Rhinoceros horns removed - Natural History Museum
The National Museum of Ireland has taken the regrettable decision to remove all rhinoceros horn from exhibition. Rhino horn is being poached in the wild at an increasing rate and thieves have stolen horns from exhibits in a number of museums in the last year. This increased risk to specimens on display in the Natural History Museum has been tackled by the removal of trophy heads from exhibition and the removal of horns from the large pieces of taxidermy on open display. These will be replaced by replica horns.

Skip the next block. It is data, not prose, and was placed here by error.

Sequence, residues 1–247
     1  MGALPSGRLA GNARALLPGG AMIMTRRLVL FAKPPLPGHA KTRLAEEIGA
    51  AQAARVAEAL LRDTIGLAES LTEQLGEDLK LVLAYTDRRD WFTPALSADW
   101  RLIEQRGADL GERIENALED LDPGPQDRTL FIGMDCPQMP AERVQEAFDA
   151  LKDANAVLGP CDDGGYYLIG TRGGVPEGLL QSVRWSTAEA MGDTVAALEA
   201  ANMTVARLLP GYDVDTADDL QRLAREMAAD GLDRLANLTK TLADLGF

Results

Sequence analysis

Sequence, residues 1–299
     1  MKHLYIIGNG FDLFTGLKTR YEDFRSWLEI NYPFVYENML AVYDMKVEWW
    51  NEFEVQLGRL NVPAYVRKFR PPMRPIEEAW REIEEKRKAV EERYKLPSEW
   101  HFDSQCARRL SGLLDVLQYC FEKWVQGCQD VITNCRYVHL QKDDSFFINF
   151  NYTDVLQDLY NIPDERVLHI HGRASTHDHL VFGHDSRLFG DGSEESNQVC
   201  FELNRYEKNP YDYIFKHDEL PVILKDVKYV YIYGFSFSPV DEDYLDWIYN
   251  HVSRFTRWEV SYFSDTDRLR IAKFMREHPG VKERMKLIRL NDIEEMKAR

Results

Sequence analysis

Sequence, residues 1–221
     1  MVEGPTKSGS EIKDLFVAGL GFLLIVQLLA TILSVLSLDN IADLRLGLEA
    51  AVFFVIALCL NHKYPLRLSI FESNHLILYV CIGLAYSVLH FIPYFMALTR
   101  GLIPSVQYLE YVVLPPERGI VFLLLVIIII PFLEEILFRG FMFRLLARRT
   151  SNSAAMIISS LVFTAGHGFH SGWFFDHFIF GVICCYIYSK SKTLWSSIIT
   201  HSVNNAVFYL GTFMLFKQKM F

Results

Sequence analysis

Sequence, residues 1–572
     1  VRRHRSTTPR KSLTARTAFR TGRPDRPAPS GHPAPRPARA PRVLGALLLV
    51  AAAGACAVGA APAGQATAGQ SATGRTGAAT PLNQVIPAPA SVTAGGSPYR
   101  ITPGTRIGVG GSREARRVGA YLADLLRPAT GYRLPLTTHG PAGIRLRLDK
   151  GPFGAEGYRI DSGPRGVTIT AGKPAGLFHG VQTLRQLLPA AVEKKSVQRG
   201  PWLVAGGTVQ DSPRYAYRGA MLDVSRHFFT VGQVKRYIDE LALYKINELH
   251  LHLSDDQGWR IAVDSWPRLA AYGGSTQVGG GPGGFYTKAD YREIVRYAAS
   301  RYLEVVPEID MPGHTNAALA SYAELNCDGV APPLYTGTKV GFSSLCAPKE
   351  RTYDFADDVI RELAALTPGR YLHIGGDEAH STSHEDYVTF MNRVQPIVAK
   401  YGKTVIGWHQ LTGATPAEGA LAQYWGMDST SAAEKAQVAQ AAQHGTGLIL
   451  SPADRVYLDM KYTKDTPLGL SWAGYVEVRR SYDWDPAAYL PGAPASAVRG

Thieves involved in stealing rhinoceros horns from museums in various parts of Europe have been a threat to visitors and to staff. The National Museum of Ireland regrets that these objects are no longer on view but has taken this decision in light of the security, health and safety risks involved. Traditional medicine in a number of countries has ascribed properties to rhinoceros horn that have all been denied by modern scientific research. Rhinoceros horns are made of keratin which is the same material forming fingernails and hair in all mammals. Recent suggestions that consumption of powdered rhinoceros horn can be used to battle cancer has increased the desire for this material. Ireland along with most countries is a signatory to CITES, an international attempt to prevent smuggling of products from endangered animals. It is illegal in Ireland to attempt to sell rhinoceros horn or to move it across international boundaries without appropriate permits.
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